American banker and philanthropist
- Courting Peggy McGrath provided me with a very pleasant diversion and eventually with the most important relationship of my life.
- On courting his wife, as quoted in a review of his Memoirs — "Born to Be Mild" by David Brooks in The New York Times (20 October 2002)
- If the disagreement was strong enough, we could end up pretty close to the borderline of incivility.
- Describing his confrontations with a rival at the Chase Manhattan Bank, as quoted in "Born to Be Mild" in The New York Times (20 October 2002)
- I don't recall that I have said — and I don't think that I really feel — that we need a world government. We need governments of the world that work together and collaborate. But, I can't imagine that there would be any likelihood — or even that it would be desirable — to have a single government elected by the people of the world.
- There have been people — ever since I've had any kind of position in the world — who have accused me of being ruler of the world. I have to say that I think for the large part, I would have to decide to describe them as crack pots. It makes no sense whatsoever, and isn't true, and won't be true, and to raise it as a serious issue seems to me to be irresponsible.
- I think that one of the things that is needed is the fact that I don't think enough people in high positions in our country accept the importance of our world role with sufficient gravity. In other words, I think the tendency, because of politics and getting elected, is to stress local issues; and of course, they are important. But, I would like to see more of the leaders of our country spend more time traveling for one thing, getting to know the world, and studying history. To me, one of the sad things about our country is that our leadership — to a greater extent than I would like — is more concerned about very domestic issues than they are about our relations in the world.
- When asked what was wrong with America in an interview with Benjamin Fulford (13 November 2007)
- I think that that has to be related to the problems within our own country. I was reading in the papers today that there's a grave concern about what our role should be, how it should be handled, and how we should better manage our own domestic economy. And I think that this is becoming a serious issue. And it's gonna have to be addressed by any politicians who wish to be re-elected. They have to see that the issue of our economy and what influences it is better understood and more successfully addressed.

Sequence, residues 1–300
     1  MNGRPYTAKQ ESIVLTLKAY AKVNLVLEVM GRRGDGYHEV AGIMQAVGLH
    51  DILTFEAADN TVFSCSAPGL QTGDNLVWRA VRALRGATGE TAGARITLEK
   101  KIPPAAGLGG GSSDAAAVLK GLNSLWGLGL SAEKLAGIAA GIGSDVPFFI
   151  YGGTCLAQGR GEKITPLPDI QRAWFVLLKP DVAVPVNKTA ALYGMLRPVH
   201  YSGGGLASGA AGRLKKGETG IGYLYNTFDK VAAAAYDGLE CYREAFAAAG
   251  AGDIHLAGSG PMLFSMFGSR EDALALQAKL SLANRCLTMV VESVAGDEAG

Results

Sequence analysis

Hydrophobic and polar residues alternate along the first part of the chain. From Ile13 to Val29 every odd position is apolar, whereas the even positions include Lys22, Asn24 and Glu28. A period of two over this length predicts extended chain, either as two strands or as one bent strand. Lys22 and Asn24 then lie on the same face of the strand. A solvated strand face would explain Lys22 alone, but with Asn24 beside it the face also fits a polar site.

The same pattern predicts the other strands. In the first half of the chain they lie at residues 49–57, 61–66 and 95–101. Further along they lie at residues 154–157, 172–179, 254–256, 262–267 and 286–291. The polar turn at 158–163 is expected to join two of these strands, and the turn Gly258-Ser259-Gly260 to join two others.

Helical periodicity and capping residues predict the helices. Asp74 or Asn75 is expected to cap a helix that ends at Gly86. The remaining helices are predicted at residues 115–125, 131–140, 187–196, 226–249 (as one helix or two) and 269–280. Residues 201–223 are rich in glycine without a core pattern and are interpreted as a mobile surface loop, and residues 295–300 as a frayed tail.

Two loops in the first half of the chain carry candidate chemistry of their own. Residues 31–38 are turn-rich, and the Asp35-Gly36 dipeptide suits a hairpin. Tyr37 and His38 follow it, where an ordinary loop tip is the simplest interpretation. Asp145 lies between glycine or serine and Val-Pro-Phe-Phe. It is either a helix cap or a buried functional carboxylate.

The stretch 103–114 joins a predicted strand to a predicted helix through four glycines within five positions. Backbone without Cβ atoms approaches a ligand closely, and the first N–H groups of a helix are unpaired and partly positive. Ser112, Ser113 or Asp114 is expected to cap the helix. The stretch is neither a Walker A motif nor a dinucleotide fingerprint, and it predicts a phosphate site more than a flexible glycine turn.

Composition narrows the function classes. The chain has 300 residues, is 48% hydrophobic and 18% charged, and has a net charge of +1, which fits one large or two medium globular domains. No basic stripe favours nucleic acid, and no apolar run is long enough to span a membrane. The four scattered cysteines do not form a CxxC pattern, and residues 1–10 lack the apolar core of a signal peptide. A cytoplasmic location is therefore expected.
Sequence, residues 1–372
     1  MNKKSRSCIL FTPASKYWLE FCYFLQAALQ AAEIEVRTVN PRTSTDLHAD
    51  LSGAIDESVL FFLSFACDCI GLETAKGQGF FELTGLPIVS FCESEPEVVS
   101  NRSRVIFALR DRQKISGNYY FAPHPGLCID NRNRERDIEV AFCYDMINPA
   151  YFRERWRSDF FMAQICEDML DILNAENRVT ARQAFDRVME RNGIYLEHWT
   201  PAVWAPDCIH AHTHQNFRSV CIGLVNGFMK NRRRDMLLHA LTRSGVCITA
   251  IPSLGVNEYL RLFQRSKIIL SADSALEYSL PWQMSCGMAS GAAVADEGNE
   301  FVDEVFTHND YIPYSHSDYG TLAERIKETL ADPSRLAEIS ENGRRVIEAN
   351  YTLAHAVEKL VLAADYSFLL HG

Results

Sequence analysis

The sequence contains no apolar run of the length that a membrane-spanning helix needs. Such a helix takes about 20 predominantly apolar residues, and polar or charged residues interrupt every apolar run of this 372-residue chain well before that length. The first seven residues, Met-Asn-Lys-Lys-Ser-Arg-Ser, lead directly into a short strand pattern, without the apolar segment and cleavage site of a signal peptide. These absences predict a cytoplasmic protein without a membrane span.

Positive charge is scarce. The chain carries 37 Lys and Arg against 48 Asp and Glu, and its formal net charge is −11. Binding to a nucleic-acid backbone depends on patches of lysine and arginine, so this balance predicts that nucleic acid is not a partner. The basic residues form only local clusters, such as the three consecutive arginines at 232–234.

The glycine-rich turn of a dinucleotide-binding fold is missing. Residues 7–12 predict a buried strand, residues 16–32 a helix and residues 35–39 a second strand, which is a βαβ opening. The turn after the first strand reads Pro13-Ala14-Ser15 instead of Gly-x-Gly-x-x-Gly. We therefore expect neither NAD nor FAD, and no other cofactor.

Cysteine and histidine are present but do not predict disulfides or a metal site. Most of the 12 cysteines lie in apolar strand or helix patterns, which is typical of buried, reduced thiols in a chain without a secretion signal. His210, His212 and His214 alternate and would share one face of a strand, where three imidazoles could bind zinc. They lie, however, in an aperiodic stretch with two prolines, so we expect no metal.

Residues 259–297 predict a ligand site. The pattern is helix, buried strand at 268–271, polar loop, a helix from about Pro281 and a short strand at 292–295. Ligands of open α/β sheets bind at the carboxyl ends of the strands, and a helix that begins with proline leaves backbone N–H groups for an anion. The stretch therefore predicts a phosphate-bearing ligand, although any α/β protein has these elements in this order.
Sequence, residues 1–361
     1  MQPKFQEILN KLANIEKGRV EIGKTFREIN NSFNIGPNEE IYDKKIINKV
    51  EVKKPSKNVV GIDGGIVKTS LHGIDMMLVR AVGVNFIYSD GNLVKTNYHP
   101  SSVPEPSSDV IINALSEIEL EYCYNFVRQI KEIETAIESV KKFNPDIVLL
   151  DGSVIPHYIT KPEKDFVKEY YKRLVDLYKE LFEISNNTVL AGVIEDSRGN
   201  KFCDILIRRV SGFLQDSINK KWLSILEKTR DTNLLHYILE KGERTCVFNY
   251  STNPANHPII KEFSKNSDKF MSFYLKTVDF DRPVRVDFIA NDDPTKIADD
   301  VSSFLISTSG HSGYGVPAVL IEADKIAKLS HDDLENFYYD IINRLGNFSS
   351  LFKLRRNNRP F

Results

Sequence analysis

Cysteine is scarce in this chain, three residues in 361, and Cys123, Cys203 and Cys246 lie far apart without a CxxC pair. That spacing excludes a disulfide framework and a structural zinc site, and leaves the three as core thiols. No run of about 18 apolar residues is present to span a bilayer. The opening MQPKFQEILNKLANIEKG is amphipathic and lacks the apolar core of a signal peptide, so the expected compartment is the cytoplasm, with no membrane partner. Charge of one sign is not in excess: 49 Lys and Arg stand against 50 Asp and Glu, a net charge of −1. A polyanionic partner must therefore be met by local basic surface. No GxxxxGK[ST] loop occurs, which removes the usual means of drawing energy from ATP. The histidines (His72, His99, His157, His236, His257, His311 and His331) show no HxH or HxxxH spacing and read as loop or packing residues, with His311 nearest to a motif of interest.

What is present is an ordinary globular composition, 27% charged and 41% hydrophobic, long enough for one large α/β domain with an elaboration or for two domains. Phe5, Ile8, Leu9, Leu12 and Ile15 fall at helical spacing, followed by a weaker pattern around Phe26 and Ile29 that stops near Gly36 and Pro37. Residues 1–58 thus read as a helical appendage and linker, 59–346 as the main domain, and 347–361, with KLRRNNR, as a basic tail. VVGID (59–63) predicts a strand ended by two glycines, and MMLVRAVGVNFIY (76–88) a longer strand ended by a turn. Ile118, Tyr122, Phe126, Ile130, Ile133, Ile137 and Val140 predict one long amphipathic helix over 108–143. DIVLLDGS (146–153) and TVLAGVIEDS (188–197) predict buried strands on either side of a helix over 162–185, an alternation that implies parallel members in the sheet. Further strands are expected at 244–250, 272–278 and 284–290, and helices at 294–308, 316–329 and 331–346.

- When asked about the worsening condition of the American economy and currency in an interview with Benjamin Fulford (13 November 2007)
- I think that the best hope for peace and prosperity in the world is greater cooperation among nations, which in turn will be produced if both our governments and the people of our countries travel more and get to know each other better.
- ISBN-13: 978-0812969733
- For more than a century, ideological extremists at either end of the political spectrum have seized upon well-publicized incidents such as my encounter with Castro to attack the Rockefeller family for the inordinate influence they claim we wield over American political and economic institutions. Some even believe we are part of a secret cabal working against the best interests of the United States, characterizing my family and me as 'internationalists' and of conspiring with others around the world to build a more integrated global political and economic structure — one world, if you will. If that is the charge, I stand guilty, and I am proud of it.
The anti-Rockefeller focus of these otherwise incompatible political positions owes much to Populism. "Populists" believe in conspiracies and one of the most enduring is that a secret group of international bankers and capitalists, and their minions, control the world's economy. Because of my name and prominence as head of the Chase for many years, I have earned the distinction of "conspirator in chief" from some of these people.
Populists and isolationists ignore the tangible benefits that have resulted in our active international role during the past half-century. Not only was the very real threat posed by Soviet Communism overcome, but there have been fundamental improvements in societies around the world, particularly in the United States, as a result of global trade, improved communications, and the heightened interaction of people from different cultures. Populists rarely mention these positive consequences, nor can they cogently explain how they would have sustained American economic growth and expansion of our political power without them.
- Ch. 27 : Proud Internationalist, p. 406